I'm managing some network engineers now and I have little background in networking, but I've been open about this with them and asked them for their help in improving my skills in networking while I manage them. They seem happy with this arrangement and my bullsh*tometer in networking is improving every day!

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Experience

by kilbey1 In reply to IT | Operations Managemen ...

Any kind of experience seems to be the ticket - even if it's
volunteer experience. Build your own PC from scratch or build it
for someone else; set up a wireless LAN in your home or for a
friend; offer to do any of these things at your place of business.
Take on a project without being asked. When a company looks
your way, you can tell them that you have experience.

I hold no certifications presently, though I at first thought this
was my ticket into management. You do need to study and
research what you want to do, however, then implement it on
some scale. Don't be afraid to start in a small company, it can
lead to other things.

And definitely believe in yourself. When you go for that
interview, stand up tall and be determined and know that you
can do what they ask of you.

I read an article recently where a young man had several
certifications under his belt, but no experience, and was in a
situation much the same as you. The responder to this young
man basically said that employers want experience more than a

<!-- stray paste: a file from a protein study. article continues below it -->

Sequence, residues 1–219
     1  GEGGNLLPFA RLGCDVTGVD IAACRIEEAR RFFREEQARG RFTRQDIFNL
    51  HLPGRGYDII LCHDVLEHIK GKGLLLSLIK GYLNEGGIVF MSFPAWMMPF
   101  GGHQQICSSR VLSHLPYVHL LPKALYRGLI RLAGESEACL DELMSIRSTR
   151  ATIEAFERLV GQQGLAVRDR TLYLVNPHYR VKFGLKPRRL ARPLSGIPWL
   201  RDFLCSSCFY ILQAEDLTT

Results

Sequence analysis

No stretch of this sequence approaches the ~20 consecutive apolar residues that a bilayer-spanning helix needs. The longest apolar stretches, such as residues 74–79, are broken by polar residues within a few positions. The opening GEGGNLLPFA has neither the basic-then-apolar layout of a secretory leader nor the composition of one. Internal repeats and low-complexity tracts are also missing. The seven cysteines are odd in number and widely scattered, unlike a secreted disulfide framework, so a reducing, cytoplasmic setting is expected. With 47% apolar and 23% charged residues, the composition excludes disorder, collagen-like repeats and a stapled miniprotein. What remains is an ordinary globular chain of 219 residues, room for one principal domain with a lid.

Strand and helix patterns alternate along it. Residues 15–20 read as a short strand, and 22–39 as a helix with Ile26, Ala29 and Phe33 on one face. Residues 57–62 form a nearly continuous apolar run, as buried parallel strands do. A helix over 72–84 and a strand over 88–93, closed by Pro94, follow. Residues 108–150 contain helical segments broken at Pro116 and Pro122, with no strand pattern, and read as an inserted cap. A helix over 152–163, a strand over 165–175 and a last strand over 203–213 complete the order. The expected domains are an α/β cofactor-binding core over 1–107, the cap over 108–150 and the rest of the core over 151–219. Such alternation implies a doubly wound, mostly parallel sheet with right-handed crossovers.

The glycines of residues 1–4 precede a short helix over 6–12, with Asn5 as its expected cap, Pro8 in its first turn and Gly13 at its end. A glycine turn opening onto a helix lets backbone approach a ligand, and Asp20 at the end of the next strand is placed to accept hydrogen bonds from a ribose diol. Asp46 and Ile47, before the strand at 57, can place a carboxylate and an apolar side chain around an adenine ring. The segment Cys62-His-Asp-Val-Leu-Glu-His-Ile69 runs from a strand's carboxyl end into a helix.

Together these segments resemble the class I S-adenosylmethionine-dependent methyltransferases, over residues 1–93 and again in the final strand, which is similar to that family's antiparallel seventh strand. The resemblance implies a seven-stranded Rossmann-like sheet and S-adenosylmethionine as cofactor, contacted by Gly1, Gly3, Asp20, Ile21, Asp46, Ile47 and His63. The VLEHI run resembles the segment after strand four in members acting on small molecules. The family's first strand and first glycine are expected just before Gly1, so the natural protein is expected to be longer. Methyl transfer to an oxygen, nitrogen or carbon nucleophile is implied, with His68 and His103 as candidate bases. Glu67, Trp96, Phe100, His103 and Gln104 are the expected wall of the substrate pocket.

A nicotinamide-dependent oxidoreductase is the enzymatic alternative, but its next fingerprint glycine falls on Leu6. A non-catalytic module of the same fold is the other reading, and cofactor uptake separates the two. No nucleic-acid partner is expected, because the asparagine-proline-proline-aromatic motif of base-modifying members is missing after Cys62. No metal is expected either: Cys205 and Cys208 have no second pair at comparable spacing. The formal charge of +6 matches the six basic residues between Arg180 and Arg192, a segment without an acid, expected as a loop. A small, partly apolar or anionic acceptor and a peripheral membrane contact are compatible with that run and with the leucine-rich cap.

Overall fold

piece of paper, since simply passing a test is no indicator of how
well you will perform the task.

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Technical expewrience NOT a requirement, BUT

by pigpen702 In reply to Experience

I am an IT Project Manager. My work history prior to IP Management was in Mechanical Engineering. I was a leader and an innovator within the engineering graphics space. I made a conscious decision to move into IT and was shooting for management. My first step was to obtain a BS in Business Information Systems. Two thirds of the way through the degree program the HR person funding my education gave my name to the IT department. I was transferred from engineering into IT and have never looked back.

I have always been open and honest with my team as to my background. I have many years of technical leadership background and that certainly helps. My admission to not being a ?code writer? is NOT an admission of some lack of technical aptitude. I am a sponge for knowledge and tend to learn enough of the technical subject matter to translate the technical situations to the upper management teal I report to.

As long as you can communicate with ypour team and with management sponsors you will be fine. Just be honest and if you are a natural leader you will shine!

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Who's hiring?

by Pijin In reply to IT | Operations Managemen ...

The answer to this question can be found in only ONE place. Ask the person(s) responsible for hiring into that position. The answer to this question changes from one company to the next, or even within the SAME organization depending on who makes the hiring decision.
In my experience the person doing the hiring is concerned primarily with making sure their assignments are correct and appropriate decisions. Only they know what their criteria are. If you know they specifics it will help you adjust your future resume to fit.
Also, asking what qualifications they require will let them know that you are interested in such a position, so when one opens up they will hopefully think of you.

Good luck!
Cameron